Keep clean, stay safe

For the general public, the COVID-19 pandemic brought into sharp relief the importance of frequent handwashing, disinfecting personal items and wearing PPE. While firefighters also had to take additional precautions in the face of public health, they have long had to face another serious risk that emphasises the importance of decontamination – exposure to smoke, soot and other carcinogens produced by fire.

Firefighters are aware of the risks associated with exposure to smoke and harmful chemicals, and in recent years the topic has finally started to receive more attention from the mainstream media. A study released in 2020 by the Fire Brigades Union (FBU) and the University of Central Lancashire (UCLAN) examined cancer rates among UK firefighters. The research found that 4.1% of the 10,000 firefighters surveyed had been diagnosed with cancer – 4 times that of the general UK population. The study also conducted on-site testing at fire stations around the country and found trace contaminants from unwashed PPE throughout the facilities, particularly in kit rooms.

We know that fires produce a lethal mix of toxic and carcinogenic chemicals in the form of smoke, fumes and dust, and that these chemicals can have devastating long-term effects on those exposed to them. If not handled correctly, the dangers presented by smoke contamination can last long beyond leaving the fire scene.

However, getting the majority to recognise the severity of these risks could pose a challenge. The popular image of the ash-covered firefighter emerging heroically from a burning building can be seen in countless films and TV programmes, and firefighters themselves aren’t immune to thinking this way. Half of those surveyed in the FBU/UCLAN study felt that leaving a fire scene with soot on their faces and firefighting PPE was a ‘badge of honour’ and proof of the dangers they had faced.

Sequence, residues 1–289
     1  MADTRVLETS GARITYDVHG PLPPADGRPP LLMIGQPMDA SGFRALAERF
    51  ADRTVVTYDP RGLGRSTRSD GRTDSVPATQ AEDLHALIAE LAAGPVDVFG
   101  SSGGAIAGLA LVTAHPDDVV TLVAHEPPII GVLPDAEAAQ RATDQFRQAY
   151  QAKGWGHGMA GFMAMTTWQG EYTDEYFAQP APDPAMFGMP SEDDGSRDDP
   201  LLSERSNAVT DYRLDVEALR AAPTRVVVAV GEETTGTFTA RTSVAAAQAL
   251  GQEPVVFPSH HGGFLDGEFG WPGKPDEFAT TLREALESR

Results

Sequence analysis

But it would be unfair to place the sole responsibility for reducing carcinogen exposure on firefighters alone. If behaviours are to really change, then action needs to be taken by all levels of the fire service – from fire chiefs to government ministers to PPE manufacturers.

One way in which Fire and Rescue Services can shift behaviours is by taking steps to improve awareness. In 2021 the FBU established DECON, a training programme that sets out small changes firefighters can make to their daily routines to help reduce the risk of carcinogen exposure. The programme outlines the crucial steps that firefighters should follow before, during and after every incident to ensure their PPE is kept free from contaminants. These include:

  • Before an incident you should make sure you’re regularly cleaning your PPE, and not letting any exposed skin make contact with dirty kit. Never, ever store gloves (clean or dirty) in your boots or helmet.
  • While attending an incident keep your breathing apparatus on at all stages of firefighting, including salvage and damping down. Afterwards seal any PPE exposed to fire in an airtight container before taking it into your vehicle.
  • At the station, shower within an hour of returning from a fire, or if you need to go straight to another incident then be sure to clean your face, neck, hands and forearms. Do not eat or go into clean zones of the station until you are washed and changed. Check your kit for visible damage every shift – your brigade should get all PPE checked every 3 months by a trained professional.